If you make or work with audio recordings of any kind, you probably have come across two different primary types of files—WAV files and MP3 files. Perhaps you’ve not known the distinction of the difference in the past whilst you continue on with your music creating or listening. You might want to know if they really are just interchangeable, or if maybe there are differences between the two types that can make one file type preferable over the other, depending on what you’re using it for.
The differences between MP3 vs WAV has been discussed before, and we’ve collected all of our findings on the topic to provide you with the most accurate and comprehensive answers to your questions. Read on to find out if a WAV file really is better than an MP3, and learn what the difference is between the two file types.
What is a MP3 File?
MP3 files were created with one goal in mind—to replicate the quality found in CD audio recordings, in much smaller file size. This allows for these files to take up relatively little space on your computer or other digital devices, and they’re easy to share—you can attach them to emails, text messages, and other communications and have them sent rather quickly, even if your connection is not the best, thanks to their small file size. This also means that if you have audio files in other formats, converting them to MP3 files can reduce their size and help you save space on your device, without sacrificing the quality of the files in the process. Converting a file to MP3 can reduce the file size by a factor of 10-12, creating a significant impact on the amount of space that they take up.
What makes MP3 files smaller?
This is done through a method called lossy compression. Lossy compression utilizes complicated and complex algorithms to determine what information from the original file is “extra” or unneeded. This information is then discarded, creating a file with a much smaller footprint. The information that is lost through lossy compression includes frequencies in the original audio that the human ear will likely be unable to detect, as we can usually only detect sounds with frequencies that fall within the range of 20 Hz to 20 kHz. Lossy compression uses this information and produces a file that contains only frequencies that fall from between about 18 Hz to 10 kHz, a more limited range of frequencies than the original, uncompressed file. It’s likely that, if the original audio was high quality enough, the listener will not be able to tell the difference in quality from the original file and the converted MP3 file. The sounds that fall above or below the frequency range and quiet sounds that are masked by louder ones are removed (or converted to mono) in order to save space.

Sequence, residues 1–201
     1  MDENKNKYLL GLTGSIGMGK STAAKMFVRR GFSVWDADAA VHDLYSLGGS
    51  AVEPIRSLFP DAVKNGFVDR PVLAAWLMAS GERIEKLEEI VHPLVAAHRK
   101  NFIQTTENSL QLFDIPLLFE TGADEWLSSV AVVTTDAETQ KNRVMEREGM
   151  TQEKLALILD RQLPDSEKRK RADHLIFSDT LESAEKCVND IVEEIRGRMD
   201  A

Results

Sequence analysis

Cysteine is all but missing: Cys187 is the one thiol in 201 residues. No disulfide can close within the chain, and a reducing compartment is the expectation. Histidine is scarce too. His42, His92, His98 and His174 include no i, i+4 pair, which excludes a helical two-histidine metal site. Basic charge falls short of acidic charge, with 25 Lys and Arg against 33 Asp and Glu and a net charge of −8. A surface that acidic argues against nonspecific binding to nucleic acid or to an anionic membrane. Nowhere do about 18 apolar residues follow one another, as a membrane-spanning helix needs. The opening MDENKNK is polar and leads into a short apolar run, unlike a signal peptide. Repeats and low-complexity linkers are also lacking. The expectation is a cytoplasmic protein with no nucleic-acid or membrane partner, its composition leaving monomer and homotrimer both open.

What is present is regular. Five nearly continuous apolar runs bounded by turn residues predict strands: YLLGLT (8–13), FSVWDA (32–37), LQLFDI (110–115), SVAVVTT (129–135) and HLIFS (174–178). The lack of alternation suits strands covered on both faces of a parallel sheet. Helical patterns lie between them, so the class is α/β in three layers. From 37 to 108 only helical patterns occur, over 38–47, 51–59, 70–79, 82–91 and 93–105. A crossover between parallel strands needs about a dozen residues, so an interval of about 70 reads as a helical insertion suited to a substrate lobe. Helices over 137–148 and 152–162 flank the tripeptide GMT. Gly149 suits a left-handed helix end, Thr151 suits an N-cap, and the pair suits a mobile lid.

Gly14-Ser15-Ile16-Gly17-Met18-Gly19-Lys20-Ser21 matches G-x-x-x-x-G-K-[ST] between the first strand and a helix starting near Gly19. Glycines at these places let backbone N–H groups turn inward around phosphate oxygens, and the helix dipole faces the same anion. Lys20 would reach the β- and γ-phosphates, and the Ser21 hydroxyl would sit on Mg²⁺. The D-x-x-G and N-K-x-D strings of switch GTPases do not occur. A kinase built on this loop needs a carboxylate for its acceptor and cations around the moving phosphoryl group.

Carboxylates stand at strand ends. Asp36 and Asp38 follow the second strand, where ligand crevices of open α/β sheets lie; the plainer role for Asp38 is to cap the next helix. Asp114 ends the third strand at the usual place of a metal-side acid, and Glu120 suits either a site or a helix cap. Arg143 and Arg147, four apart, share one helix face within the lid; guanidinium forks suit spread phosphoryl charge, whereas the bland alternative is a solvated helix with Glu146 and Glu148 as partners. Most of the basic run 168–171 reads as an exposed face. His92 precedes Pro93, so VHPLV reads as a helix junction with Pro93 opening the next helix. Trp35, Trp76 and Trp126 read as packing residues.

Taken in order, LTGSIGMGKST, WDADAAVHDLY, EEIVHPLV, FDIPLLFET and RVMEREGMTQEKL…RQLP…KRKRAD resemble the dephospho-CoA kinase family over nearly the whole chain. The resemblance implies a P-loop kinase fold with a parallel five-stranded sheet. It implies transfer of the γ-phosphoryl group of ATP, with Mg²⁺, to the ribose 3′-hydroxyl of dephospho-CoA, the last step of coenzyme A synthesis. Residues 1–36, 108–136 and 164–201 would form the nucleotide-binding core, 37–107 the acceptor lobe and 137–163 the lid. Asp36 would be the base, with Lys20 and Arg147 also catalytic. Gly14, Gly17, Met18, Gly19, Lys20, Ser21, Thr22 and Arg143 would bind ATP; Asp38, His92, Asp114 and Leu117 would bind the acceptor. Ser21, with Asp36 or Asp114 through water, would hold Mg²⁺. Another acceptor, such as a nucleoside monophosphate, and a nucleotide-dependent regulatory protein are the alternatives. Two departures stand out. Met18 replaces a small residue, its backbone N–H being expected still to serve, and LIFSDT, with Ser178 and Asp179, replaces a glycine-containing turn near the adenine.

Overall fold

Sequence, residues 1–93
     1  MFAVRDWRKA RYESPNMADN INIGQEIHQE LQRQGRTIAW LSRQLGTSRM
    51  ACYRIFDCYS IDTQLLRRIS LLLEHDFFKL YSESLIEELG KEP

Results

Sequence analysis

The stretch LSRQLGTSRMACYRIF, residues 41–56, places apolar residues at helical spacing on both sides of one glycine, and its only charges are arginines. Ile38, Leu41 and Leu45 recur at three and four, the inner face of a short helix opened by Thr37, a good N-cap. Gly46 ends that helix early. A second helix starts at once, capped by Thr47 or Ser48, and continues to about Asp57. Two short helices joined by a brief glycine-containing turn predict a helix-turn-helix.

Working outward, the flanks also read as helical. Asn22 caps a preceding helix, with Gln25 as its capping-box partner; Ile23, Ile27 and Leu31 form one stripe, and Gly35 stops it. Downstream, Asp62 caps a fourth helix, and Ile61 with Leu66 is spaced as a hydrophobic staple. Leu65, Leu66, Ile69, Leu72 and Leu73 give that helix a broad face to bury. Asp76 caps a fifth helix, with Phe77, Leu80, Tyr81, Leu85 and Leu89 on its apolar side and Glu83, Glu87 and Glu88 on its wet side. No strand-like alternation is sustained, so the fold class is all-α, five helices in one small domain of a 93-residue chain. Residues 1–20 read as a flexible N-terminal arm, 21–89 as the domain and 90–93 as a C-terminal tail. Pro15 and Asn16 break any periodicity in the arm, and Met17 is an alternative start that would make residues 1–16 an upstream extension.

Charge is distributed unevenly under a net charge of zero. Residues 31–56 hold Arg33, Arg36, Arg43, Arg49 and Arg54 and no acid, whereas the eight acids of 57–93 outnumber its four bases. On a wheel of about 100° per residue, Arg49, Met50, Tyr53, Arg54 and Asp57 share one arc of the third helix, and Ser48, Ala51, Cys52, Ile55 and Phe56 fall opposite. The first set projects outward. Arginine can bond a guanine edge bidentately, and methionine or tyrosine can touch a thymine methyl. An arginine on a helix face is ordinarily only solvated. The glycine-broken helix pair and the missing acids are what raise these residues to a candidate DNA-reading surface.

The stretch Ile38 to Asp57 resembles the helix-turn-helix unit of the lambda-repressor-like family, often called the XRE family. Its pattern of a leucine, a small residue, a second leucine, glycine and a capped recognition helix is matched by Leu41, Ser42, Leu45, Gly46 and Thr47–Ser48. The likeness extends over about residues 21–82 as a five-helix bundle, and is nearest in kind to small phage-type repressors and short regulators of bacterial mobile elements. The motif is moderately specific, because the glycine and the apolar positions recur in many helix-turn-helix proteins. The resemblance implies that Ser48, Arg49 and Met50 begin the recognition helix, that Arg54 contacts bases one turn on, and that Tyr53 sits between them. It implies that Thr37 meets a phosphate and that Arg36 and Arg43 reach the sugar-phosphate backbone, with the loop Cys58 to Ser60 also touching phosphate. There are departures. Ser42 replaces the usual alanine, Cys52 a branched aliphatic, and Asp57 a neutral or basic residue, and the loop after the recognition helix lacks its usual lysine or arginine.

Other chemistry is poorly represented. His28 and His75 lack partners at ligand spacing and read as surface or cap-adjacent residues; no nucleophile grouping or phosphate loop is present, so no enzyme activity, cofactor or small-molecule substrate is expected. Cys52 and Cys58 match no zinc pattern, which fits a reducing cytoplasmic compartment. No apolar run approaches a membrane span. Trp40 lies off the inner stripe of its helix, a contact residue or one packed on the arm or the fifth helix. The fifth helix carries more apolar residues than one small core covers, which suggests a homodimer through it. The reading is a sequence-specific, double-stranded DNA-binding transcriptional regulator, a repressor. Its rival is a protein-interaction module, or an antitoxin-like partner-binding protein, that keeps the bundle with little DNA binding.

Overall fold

The downside of lossy compression is that on occasion, the removal of these “unnecessary” sounds can create tiny instances of strange gaps or interference in the resulting compressed audio file. While these interferences can take many various forms, the overall difference from the original file is almost always unwanted and considered a decrease in quality. If you’re converting files to MP3, it’s always a good idea to listen to the resulting file with some high-quality headphones so that you can determine if it meets your quality standards before you delete or move the original file.
What's a WAV file?
In short, WAV files are the larger counterpart of MP3 files. These two often go hand in hand—most times, when you’re converting a preexisting audio file to MP3 in order to save space or make it more portable, the original file that you’re converting from is, in fact, a WAV file. Compared to MP3s, WAV files are often huge, coming in at 10-12 times the size. However, when we’re talking about audio, this is still a comparatively small size in most cases, at least when compared to videos or other huge files. If you’re using any type of professional music software in accordance with your audio files, or if you’re planning on distributing your music, podcast, or audiobook in the mass market (iTunes, Spotify, etc.), it’s best to steer clear of MP3 files and instead use the original WAV files. Even if the difference isn’t discernable to you, the processing that occurs in order to share your recordings on these sites can magnify any damaged sections of your file.
WAV files allow you to take full advantage of dynamic range, meaning that your recordings will often sound more full and complete when listened to. WAV files are also easy to work with—every widely-used audio software, such as Audacity and GarageBand, supports full high-quality WAV files, as does every video editing program we’ve used.
What’s better for audio - MP3 or WAV?
So, here’s the bottom line: working with audio files we recommend using WAV files when you export your songs in order to retain all of the quality of the work that you’ve put into creating them. Even if you personally don’t notice a difference, if the audio is played or streamed by someone else at a lower quality setting, strange artefacts may be audible which is not ideal. However if you’re just sharing a file to a friend, and looking to attach a draft of a song, podcast episode, or other recordings quickly and easily, or if you want to back up some files on a flash drive, hard drive, or to the Cloud for your own listening or peace of mind, you can rest assured that the use of MP3 would be best. They might not be as perfect when it comes to quality as a WAV file is, but they’re still fine for everyday use. Always make sure to keep a copy of the original, high-quality WAV file on hand, though—you never know when you might need it!
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